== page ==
My mother always said that if you don’t have anything nice to say, don’t say anything at all.
Wait a minute. She never said that. Instead, my mother said: “Using spellcheck instead of committing to learn the basic rules of phonics is really going to come back and bite you in the ass one day.”
With that in mind (the nice thing, not the phonics thing), I bring you the Fourth Tier Law schools — according to the U.S. News law school rankings. Check out the full list of fourth tier law schools here.
When we discussed the third tier, many commenters argued that going to one of those schools and graduating in the top of your class still allows you to access many of the glories of Biglaw, without crushing educational debt.
Does that argument hold up for fourth tier schools?
Let’s take a look at goals after the jump.
One common rallying cry that I’ve heard from graduates of third and fourth tier schools is that “I could kick your Ivy League educated ass in court.” Of this I have no doubt. The same logical holds true when it comes to bar fights.
So you have to remember the goals that one has coming into a fourth tier law school. A lot of top tier graduates don’t want or expect to practice law as it is shown on television courtroom dramas. But many people do, and a fourth tier legal education prepares you to do that. If you want to play college basketball, receive great exposure, and have a shot of winning an NCAA championship every year, you go to Duke. But if you just want to turn professional as soon as humanly possible (and makes some money on the side while waiting for your pro pay-day) USC will do just fine.
The problem — if any — faced by fourth tier graduates is summed up by this commenter:
It’s hard to escape your credentials. really f***** up business.
There are some employers, rightly or wrongly, who simply won’t give you a shot if you went to a fourth tier school.
I think the problem is that laypeople, purchasers of legal services, know very little about what makes a good lawyer “good” and what makes a bad lawyer “bad.” My doctor is good. How do I know? I’m still alive. My investment consultant is good. He makes me a lot of money. But most people don’t really understand what lawyers actually do, and it makes it almost impossible for them to grasp subtle differences in quality and skill. Lawyers are essentially selling the ability to think better — more clearly, more logically, whatever — than the other lawyers down the street. That is a really hard thing to prove.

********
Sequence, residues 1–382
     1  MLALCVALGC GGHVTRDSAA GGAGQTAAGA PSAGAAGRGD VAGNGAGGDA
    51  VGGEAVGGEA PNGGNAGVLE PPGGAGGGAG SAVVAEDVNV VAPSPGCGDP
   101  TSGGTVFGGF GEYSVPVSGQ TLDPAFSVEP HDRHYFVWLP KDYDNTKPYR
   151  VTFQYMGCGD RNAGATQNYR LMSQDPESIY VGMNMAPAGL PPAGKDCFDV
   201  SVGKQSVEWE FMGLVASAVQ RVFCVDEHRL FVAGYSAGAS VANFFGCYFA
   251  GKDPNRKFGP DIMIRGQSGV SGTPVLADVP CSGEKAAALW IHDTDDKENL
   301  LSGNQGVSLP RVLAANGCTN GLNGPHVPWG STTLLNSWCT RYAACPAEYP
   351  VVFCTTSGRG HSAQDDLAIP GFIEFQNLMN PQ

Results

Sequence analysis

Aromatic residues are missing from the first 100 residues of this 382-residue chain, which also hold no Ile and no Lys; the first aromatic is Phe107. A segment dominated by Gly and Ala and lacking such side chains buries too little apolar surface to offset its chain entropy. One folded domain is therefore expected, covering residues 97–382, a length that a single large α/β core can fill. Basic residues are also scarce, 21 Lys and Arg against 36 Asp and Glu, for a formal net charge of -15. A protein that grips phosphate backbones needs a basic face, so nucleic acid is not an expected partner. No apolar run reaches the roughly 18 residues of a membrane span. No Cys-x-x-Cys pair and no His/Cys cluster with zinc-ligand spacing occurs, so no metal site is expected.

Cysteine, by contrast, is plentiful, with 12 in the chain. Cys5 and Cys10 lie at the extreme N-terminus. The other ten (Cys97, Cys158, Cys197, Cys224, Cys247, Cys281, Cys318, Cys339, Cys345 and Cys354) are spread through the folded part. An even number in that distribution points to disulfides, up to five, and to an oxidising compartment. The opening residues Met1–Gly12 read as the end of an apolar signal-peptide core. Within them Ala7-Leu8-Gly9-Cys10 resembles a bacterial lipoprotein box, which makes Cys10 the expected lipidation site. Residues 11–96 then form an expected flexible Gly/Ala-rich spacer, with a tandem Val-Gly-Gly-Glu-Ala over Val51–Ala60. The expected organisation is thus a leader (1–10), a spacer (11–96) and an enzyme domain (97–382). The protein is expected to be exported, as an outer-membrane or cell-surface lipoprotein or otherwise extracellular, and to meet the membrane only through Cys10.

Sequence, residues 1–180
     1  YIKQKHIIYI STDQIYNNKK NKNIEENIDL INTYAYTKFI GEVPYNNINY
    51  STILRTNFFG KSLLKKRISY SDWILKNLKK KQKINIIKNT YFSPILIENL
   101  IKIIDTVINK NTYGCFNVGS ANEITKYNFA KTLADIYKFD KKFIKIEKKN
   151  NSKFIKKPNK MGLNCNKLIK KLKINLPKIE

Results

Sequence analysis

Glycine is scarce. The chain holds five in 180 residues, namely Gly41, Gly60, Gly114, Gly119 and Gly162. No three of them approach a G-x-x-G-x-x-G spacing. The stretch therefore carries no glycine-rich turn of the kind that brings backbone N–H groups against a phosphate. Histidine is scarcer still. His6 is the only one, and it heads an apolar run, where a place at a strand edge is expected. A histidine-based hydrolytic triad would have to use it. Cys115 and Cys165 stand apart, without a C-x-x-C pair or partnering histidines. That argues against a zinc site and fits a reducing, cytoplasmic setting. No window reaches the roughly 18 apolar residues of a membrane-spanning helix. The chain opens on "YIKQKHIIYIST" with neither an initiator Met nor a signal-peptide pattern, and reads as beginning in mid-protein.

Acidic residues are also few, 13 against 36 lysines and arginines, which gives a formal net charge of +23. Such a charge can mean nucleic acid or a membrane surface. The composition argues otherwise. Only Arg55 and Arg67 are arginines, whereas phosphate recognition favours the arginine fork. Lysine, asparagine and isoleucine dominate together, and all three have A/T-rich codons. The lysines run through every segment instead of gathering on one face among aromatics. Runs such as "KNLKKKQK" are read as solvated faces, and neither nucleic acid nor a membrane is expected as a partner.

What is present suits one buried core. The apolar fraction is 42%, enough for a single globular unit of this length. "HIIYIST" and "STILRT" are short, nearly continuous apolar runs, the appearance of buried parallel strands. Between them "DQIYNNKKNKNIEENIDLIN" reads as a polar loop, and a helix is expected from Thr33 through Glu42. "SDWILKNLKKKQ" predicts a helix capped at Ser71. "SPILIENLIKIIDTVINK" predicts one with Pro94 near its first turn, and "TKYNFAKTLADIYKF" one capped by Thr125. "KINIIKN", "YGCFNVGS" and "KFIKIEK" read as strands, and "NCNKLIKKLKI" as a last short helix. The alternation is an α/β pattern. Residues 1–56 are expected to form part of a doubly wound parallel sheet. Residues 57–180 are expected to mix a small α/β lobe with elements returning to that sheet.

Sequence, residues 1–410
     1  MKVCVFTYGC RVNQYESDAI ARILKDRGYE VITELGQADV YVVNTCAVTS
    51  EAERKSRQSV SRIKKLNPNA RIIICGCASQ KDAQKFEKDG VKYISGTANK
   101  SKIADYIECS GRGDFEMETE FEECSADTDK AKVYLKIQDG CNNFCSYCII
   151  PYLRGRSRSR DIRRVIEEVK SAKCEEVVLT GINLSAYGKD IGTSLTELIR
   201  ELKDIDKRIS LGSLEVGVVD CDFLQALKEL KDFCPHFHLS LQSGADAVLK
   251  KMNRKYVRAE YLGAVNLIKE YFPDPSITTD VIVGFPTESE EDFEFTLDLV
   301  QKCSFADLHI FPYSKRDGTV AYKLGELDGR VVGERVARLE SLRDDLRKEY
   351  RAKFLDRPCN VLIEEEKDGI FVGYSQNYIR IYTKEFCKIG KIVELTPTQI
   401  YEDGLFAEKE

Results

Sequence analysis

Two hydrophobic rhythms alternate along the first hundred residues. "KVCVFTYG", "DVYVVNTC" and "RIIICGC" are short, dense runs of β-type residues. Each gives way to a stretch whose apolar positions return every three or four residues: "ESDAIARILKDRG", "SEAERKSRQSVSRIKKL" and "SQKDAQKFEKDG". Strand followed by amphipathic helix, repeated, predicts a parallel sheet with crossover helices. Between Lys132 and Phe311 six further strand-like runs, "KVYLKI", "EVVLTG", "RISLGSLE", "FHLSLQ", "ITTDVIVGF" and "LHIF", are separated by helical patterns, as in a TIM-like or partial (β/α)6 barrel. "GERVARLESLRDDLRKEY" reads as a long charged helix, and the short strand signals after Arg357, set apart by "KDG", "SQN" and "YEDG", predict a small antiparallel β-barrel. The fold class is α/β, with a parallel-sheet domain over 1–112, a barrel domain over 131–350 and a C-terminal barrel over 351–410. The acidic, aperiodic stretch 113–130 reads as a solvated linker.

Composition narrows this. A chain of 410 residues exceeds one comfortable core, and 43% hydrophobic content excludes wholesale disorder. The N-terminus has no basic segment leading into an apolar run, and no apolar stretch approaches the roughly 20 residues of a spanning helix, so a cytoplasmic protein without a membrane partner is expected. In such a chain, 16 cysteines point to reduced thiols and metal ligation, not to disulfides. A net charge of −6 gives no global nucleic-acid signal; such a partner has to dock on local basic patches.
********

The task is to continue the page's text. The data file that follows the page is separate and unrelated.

So they (and thus “we” as a profession) default to things like “prestige.” I’m a good lawyer. Why? Because I went to a T-14. But the guy who went to Suffolk just won the case. Doesn’t matter, my brief was better and the judge got it wrong. How do I know? Because I went to a T-14.
It’s a neat little bit of totally circular logic. There is very little objective proof, only perceived competence.
Some of these fourth tier grads are going to be fabulously wealthy. Others are going to be very happy with their work. It rarely actually matters what law school you went to.
But when it does, it matters a lot.
Earlier: Open Thread: 2010 U.S. News Law School Rankings (1-5)
Open Thread: 2010 U.S. News Law School Rankings (The Third Tier)